The Principles of Oliver Wendell Holmes

“Talks too much” was the comment on the first report card of Oliver Wendell Holmes, Jr., the future Supreme Court justice and founder of the constitutional law of free speech. Wendy Holmes (as he was known to his intimates) was six. He lived for another eighty-seven years, and no one ever accused him of keeping his views to himself. He opined regularly to dozens of correspondents, among them the English jurist Sir Frederick Pollock (their letters are collected in two volumes), the political theorist Harold Laski (two volumes), the Washington lawyer Felix Frankfurter (one volume), the diplomat Lewis Einstein (one volume), the Irish priest Patrick Augustine Sheehan (one volume), the progressive journalist and eccentric Franklin Ford (one volume), the philosopher Morris R. Cohen, the Chinese jurist John Wu, the Japanese nobleman Kentaro Kaneko, and a stable of female confidants that included Nina Gray, Alice Stopford Green, Baroness Charlotte Moncheur, and Holmes’s Anglo-Irish paramour, Lady Clare Castletown, of Granston Manor, Upper Os- sory, Ireland.
When Holmes’s brothers on the bench—he served for twenty years on the Supreme Judicial Court of Massachusetts and for thirty years, beginning in 1902, on the Supreme Court of the United States—fell behind in the production of opinions, he begged his chiefs to reassign their cases to him. In the end, he wrote over two thousand opinions, believed to be a record for judges sitting in courts of last resort. It was his habit, every few years, to refresh himself by traveling to England, leaving his wife behind, where he sought out the company of the leading philosophical and literary lights of the land and where he flirted aggressively with most of the women he met, once going so far in his banter with the twelve-year- old daughter of one of his hosts, Tom Hughes, the author of Tom Brown’s School Days, that Hughes sent a letter afterward demanding to know Holmes’s intentions. He had none, except to experience once again the pleasure of his own flamboyance. “He would catch a subject, toss it in the air, make it dance and play a hundred tricks, and bring it to solid earth again,” an English acquaintance described his social manner. “He liked to have the ball caught and tossed back to him, so that he could send it spinning away again with a fresh twist.”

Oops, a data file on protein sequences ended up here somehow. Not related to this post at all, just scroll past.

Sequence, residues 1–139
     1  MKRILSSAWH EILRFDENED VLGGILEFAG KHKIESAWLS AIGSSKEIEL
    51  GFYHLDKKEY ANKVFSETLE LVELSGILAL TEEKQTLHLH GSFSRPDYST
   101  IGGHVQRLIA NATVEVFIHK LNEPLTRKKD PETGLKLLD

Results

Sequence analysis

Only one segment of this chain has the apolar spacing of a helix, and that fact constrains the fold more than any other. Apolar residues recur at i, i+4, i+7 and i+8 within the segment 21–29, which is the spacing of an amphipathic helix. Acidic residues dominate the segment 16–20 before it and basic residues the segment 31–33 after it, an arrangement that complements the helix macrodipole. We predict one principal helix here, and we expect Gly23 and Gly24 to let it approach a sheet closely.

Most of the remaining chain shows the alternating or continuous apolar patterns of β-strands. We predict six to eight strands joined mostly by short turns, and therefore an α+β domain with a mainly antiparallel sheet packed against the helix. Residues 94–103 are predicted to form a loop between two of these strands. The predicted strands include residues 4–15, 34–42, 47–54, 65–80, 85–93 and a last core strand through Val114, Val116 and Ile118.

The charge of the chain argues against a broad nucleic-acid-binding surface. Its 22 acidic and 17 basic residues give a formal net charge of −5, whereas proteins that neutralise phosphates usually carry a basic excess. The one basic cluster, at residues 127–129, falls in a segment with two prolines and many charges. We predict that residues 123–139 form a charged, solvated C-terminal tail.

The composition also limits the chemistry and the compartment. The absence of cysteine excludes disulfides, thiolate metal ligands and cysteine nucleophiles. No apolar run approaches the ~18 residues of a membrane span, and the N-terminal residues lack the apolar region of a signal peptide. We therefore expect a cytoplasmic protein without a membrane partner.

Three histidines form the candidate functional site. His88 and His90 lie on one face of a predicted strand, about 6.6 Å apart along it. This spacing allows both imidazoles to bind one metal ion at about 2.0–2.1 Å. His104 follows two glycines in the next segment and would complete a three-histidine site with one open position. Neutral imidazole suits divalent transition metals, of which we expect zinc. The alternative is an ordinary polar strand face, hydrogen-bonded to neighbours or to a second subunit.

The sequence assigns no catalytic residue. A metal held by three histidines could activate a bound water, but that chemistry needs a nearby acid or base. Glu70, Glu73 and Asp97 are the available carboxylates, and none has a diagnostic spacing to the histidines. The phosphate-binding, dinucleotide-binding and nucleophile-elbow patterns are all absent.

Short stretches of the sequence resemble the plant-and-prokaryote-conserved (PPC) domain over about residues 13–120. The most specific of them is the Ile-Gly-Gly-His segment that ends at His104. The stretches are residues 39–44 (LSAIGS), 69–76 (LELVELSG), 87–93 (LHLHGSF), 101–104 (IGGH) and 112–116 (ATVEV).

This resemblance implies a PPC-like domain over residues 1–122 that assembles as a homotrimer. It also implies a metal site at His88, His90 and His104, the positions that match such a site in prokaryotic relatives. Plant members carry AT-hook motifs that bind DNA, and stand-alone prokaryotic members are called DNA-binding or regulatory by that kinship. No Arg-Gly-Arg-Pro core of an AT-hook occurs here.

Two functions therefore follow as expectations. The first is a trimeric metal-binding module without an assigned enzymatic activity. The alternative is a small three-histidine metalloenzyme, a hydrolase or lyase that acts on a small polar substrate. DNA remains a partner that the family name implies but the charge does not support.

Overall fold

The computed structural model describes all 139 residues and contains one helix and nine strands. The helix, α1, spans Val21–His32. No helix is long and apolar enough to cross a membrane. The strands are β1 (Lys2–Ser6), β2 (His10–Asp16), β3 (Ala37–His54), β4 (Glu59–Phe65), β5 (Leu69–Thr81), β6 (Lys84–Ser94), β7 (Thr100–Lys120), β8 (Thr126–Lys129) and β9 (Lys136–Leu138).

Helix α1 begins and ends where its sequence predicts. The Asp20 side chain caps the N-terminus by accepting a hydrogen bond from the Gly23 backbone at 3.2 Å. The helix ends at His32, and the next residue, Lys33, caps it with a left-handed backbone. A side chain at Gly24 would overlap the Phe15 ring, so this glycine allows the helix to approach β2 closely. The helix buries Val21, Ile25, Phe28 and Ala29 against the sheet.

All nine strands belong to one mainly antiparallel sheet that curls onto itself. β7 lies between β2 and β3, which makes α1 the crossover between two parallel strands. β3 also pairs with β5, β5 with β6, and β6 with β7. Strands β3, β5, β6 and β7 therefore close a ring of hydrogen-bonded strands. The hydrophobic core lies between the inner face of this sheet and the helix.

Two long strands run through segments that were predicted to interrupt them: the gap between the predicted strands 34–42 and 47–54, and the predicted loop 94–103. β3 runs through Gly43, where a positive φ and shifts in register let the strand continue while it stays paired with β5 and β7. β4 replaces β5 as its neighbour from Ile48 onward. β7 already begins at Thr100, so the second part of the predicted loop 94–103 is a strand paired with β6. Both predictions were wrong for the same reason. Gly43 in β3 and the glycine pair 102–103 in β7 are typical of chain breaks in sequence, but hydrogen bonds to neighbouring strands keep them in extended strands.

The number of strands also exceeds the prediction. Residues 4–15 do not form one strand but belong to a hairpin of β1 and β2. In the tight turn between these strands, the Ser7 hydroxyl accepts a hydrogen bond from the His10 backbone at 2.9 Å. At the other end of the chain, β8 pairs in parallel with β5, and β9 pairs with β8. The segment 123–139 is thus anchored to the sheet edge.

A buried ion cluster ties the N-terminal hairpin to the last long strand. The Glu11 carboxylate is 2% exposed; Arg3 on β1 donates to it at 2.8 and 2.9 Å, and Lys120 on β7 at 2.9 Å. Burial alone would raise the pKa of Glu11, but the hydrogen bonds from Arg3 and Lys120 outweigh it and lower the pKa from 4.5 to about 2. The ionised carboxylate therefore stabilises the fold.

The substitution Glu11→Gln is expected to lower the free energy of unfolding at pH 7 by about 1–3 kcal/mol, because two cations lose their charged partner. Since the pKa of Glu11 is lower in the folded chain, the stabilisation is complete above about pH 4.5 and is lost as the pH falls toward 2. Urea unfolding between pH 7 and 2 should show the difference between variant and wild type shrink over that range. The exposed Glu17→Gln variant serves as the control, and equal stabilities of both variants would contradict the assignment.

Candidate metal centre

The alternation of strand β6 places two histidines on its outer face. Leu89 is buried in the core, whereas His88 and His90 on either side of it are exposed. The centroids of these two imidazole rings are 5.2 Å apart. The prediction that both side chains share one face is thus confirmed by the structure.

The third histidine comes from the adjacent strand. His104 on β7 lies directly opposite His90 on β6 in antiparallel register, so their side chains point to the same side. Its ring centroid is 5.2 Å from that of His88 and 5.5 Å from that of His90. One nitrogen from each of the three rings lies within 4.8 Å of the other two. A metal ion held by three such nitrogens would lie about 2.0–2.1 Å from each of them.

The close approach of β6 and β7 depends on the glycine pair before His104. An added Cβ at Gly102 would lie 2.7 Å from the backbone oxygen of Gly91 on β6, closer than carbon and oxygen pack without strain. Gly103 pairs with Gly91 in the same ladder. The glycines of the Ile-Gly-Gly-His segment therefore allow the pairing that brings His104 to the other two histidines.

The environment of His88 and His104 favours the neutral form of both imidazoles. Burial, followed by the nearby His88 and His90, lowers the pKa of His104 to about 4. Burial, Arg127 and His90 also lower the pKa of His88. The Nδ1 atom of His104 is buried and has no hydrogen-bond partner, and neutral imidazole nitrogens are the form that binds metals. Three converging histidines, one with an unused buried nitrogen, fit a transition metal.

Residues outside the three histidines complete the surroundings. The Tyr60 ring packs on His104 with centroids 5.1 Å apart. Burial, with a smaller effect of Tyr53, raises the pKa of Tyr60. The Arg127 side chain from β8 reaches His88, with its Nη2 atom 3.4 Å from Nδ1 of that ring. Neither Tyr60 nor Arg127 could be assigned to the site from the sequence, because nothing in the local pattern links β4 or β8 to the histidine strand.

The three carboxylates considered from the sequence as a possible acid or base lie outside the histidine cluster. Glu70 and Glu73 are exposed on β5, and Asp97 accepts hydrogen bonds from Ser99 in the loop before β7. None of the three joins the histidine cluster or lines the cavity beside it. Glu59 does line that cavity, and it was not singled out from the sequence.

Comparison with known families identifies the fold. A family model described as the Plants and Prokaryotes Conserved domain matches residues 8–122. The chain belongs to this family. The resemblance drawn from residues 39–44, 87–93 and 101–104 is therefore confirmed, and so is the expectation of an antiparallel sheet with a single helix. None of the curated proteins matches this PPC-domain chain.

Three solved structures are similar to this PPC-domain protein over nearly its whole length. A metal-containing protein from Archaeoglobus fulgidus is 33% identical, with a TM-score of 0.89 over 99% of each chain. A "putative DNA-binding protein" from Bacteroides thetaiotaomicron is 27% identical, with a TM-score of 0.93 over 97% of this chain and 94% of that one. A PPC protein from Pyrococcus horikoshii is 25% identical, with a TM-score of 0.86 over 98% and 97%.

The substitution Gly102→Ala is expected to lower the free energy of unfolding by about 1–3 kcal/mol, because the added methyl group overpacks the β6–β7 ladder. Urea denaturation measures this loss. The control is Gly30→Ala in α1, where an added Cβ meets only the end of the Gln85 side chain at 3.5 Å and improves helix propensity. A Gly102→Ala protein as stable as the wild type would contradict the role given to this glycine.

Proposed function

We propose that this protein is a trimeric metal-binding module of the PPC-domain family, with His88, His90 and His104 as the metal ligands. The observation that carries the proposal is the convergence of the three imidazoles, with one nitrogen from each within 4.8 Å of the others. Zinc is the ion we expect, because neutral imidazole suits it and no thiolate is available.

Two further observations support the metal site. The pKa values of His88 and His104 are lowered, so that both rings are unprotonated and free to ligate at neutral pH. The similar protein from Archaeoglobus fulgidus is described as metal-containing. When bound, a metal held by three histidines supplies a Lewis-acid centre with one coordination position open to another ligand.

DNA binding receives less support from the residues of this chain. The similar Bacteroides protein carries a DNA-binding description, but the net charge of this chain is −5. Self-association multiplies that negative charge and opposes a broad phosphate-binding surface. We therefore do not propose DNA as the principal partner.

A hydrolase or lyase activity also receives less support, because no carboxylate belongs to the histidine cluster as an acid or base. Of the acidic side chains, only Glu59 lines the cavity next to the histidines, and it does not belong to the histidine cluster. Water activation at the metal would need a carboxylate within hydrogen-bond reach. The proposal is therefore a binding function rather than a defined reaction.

Holmes’s father, Dr. Oliver Wendell Holmes, Sr., a pioneer of the germ theory of disease, the author of the patriotic poem “Old Ironsides,” cofounder of the Atlantic Monthly (whose name he came up with), coiner of the term “Boston Brahmin,” the first person to refer to Boston as “the Hub of the Solar System,” and dean of the Harvard Medical School, was said to have been the greatest talker of his day. He thought the talent worth acquiring, and made it a rule that any child who uttered a clever remark at the dinner table be given extra marmalade. Holmes Sr. was five feet three and round; his son, fully grown, was six-three and lean, and their relations were notoriously fractious. But this was one trait that got passed along.